Initially scheduled due to be introduced on January 19, 2018, amendments to the Common Rule – The Federal Policy for the Protection of Human Subjects have been put back for six months, allowing research groups additional time to comply with the new provisions.
July 19, 2018 is the new date for the change to be introduced,however the provision covering cooperative research still has an introduction and enforceable date of January 20, 2020.
Many healthcare groups, including the American Medical Informatics Association (AMIA), the Associated of American Medical Colleges (AAMC), and the Association of American Universities (AAU), asked for the compliance date to be delayed due to uncertainty in relation to the final rule. Such a delay was required to give institutions additional time to ensure compliance and would allow federal agencies more time to release guidance to researchers to help them adapt to the updated regulations.
Sixteen federal departments, including the Department of Health and Human Services, made changes to the Common Rule. In a notice of proposed Rulemaking, the requirement for the delay to the compliance date was outlined. “Without a delay, and without guidance, institutions that have expected a delay who hastily attempt to implement the revised rule without adequate preparation are bound to make mistakes, the consequences of which may jeopardize the proper conduct of research and the safety and well being of human subjects.”
While the new date will be welcomed by many groups, those that had already prepared to adhere with the new provisions of the Common Rule ahead of the January 19 compliance date will now need to continue with their old policies and processes for another six months, which may cause some issues.
Amendments to the Common Rule
The final rule amendment to the Common Rule was released on January 19, 2017 on the final day of the Obama administration. One of the main factors behind the update was since the Common Rule was introduced in 1991, there have been many alterations to how research is conducted.
At the time, research was mainly carried out in universities and medical institutions, with studies taking place at a single location. Nowadays, the scale of research studies has risen, they often involve many sites, data is now digital, and the research is now more varying. Due to this an rethinking of the Common Rule was long overdue.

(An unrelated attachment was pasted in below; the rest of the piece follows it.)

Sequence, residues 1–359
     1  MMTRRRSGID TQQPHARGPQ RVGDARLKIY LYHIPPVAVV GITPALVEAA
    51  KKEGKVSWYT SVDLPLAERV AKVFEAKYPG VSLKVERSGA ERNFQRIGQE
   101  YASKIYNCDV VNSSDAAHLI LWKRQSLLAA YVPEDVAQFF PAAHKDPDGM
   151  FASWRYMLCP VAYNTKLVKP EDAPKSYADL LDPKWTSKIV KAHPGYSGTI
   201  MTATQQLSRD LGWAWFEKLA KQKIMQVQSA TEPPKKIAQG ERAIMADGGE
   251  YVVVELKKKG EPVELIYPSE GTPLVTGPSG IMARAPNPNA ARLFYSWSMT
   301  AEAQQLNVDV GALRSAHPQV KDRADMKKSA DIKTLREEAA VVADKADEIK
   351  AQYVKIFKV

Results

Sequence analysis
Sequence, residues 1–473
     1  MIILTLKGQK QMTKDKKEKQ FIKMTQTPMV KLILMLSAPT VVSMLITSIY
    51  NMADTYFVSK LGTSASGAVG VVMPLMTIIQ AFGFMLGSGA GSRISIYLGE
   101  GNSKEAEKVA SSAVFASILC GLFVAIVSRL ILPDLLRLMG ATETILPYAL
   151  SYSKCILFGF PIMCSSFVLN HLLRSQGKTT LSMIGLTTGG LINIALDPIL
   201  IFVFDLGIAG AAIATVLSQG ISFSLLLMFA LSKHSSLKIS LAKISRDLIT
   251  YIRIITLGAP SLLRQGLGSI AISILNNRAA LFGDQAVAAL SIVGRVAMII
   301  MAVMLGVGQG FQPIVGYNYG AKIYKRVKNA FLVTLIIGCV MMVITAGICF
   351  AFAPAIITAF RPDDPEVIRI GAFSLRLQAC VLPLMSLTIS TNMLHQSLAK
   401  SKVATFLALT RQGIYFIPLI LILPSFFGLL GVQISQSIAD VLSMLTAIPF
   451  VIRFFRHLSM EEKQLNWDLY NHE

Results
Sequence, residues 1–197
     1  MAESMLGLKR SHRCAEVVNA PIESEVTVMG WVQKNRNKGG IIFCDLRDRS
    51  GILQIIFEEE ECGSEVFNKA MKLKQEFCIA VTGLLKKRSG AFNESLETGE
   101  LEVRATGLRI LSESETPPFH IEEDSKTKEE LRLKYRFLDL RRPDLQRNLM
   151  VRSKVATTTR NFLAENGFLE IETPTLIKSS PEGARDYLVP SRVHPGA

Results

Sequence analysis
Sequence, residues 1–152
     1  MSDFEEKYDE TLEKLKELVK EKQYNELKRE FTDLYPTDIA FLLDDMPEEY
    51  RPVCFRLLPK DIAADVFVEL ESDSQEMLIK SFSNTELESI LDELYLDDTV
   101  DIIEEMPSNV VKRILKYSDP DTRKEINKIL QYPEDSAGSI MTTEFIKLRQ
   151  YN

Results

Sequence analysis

The changes will enhance privacy protections for researchers. The updated Common Rule is closely linked to the HIPAA Privacy Rule and introduces further security measures to safeguard the privacy of research participants, while also improving the availability of health information for secondary research.
The update sees consent requirements amended to require information about research studies to be listed on consent forms in language that a reasonable individual would understand. The changes also make it possible for broad consent for secondary research to be achieved, which will enhance the availability of patient-reported data and biospecimens for research. The amendments will also help research institutions download up-to-the-minute data from mobile applications and devices used by clients.
These updates clarify that specific public health surveillance activities are not included in Common Rule restrictions, which will help with monitoring the spread of disease in the USA. Certain low-danger studies carried by HIPAA Covered bodies will also be exempt.
The HHS has also stated that the oversight system will not add an unnecessary administrative requirement and the update has introduced greater flexibility to match the current dynamic research environment.
March 23 2018 is the deadline for feedback on the Interim Final Rule to be submitted. Guidance to assist institutions adhere with the Common Rule changes will be published soon.